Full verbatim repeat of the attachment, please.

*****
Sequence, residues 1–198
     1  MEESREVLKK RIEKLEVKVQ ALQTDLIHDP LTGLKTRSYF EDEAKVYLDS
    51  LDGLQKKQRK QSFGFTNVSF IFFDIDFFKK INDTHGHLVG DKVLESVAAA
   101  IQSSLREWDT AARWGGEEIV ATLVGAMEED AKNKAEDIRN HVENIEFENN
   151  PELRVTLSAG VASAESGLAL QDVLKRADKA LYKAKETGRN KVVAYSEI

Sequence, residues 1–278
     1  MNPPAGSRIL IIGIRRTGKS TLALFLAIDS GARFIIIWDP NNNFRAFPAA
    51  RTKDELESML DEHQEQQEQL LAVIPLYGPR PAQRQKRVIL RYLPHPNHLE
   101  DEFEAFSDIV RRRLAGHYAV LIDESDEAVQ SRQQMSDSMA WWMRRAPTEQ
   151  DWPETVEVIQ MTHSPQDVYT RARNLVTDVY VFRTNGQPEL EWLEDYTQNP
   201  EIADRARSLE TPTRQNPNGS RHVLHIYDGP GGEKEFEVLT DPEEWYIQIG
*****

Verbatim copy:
Sequence, residues 1–198
     1  MEESREVLKK RIEKLEVKVQ ALQTDLIHDP LTGLKTRSYF EDEAKVYLDS
    51  LDGLQKKQRK QSFGFTNVSF IFFDIDFFKK INDTHGHLVG DKVLESVAAA
   101  IQSSLREWDT AARWGGEEIV ATLVGAMEED AKNKAEDIRN HVENIEFENN
   151  PELRVTLSAG VASAESGLAL QDVLKRADKA LYKAKETGRN KVVAYSEI

Sequence, residues 1–278
     1  MNPPAGSRIL IIGIRRTGKS TLALFLAIDS GARFIIIWDP NNNFRAFPAA
    51  RTKDELESML DEHQEQQEQL LAVIPLYGPR PAQRQKRVIL RYLPHPNHLE
   101  DEFEAFSDIV RRRLAGHYAV LIDESDEAVQ SRQQMSDSMA WWMRRAPTEQ
   151  DWPETVEVIQ MTHSPQDVYT RARNLVTDVY VFRTNGQPEL EWLEDYTQNP
   201  EIADRARSLE TPTRQNPNGS RHVLHIYDGP GGEKEFEVLT DPEEWYIQIG